There's an interesting, if currently brief, discussion about the Verizon patching article going on over at the Security Catalyst Forums. Succinctly, Verizon's study demonstrates that patching isn't the be-all end-all of security measures. (Who'd have thunk it?)
I'm not sure precisely where I stand. I disagree somewhat with Andy Willingham's position, although it may be because I also disagree with his use of the word 0day. No patching will save you from a 0day, since by definition there *are* no patches for those. (Yet.)
My own experience in the last year or so has been that *every* compromise has been for reasons other than no patches. I will stipulate in advance that we've actually had very few recently, at least in my group, but none would have been prevented by patching, since there is no patch for human stupidity. All of them have been weak passwords on system accounts, so what would have helped us would have been a strong password and auditing policy. To counter that, the first time I really let Nessus loose on our network, I discovered (and pwned) a Windows machine that had not been patched in over a year. That machine was somewhat protected by a host-based firewall, but anybody on our networks could have seen it and done the same thing I did. (Yes, it's getting patched regularly now, and yes, I'm fairly sure nobody else *did* do what I did.)
I lean more towards Randy Armknecht's position: patching is great as part of a bigger security strategy, although I wouldn't be so dismissive as to say, "Nothing new here." If it's worth saying something once, it should be worth repeating it, and Verizon, at least, have done a fairly comprehensive study to back up the repetition.
This seems a very Windows-centric discussion. The unfortunate part of desktop Linux installations is it's difficult to keep all your machines patched, or to ensure that patches are installed at appropriate times. It took me about 3 weeks to track down and cause to be patched all our Debian-based boxes with vulnerable SSH host keys. Granted the time could have been drastically reduced if I was actually allowed to concentrate more time on security issues (it only took five or six hours, counting time updating old machines and notifying clients, then beating a few up into actually updating), but the time could also have been drastically reduced if the vendor made that sort of thing at all easy.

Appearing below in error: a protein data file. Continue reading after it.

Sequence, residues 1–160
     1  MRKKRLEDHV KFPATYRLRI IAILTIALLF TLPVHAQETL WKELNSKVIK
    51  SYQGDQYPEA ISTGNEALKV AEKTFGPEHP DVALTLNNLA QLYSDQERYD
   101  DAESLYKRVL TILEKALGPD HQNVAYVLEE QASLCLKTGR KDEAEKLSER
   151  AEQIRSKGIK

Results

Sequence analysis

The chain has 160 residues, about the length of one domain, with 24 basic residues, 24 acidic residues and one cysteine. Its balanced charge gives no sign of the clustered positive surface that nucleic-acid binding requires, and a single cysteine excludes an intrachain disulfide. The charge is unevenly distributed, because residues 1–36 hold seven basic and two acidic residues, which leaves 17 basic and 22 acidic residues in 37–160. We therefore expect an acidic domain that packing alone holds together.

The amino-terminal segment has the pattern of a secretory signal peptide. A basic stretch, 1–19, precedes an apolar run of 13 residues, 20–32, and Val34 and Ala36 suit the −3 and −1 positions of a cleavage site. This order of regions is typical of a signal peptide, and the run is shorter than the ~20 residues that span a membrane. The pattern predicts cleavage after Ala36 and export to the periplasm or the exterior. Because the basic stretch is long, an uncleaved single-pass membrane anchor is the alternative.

Furthermore, as a colleague at the UofT points out, sometimes patching is worse than the alternative. How many times have you applied the latest patch, only to have to apply a patch for the patch? Hands up, everybody who's lost time over that. What about when a machine is rendered unusable as a result of a patch? There was a particular MacOS 10.4 patch that checked for sufficient free disk space before installing, but got the figure wrong - so if your free disk space fell into a certain range, the patch would half-apply then fail and you got to figure out how to make your machine go again.
At any rate, I wonder how much time it's worth spending on ensuring a decent patch strategy, and how much time one should spend on other issues.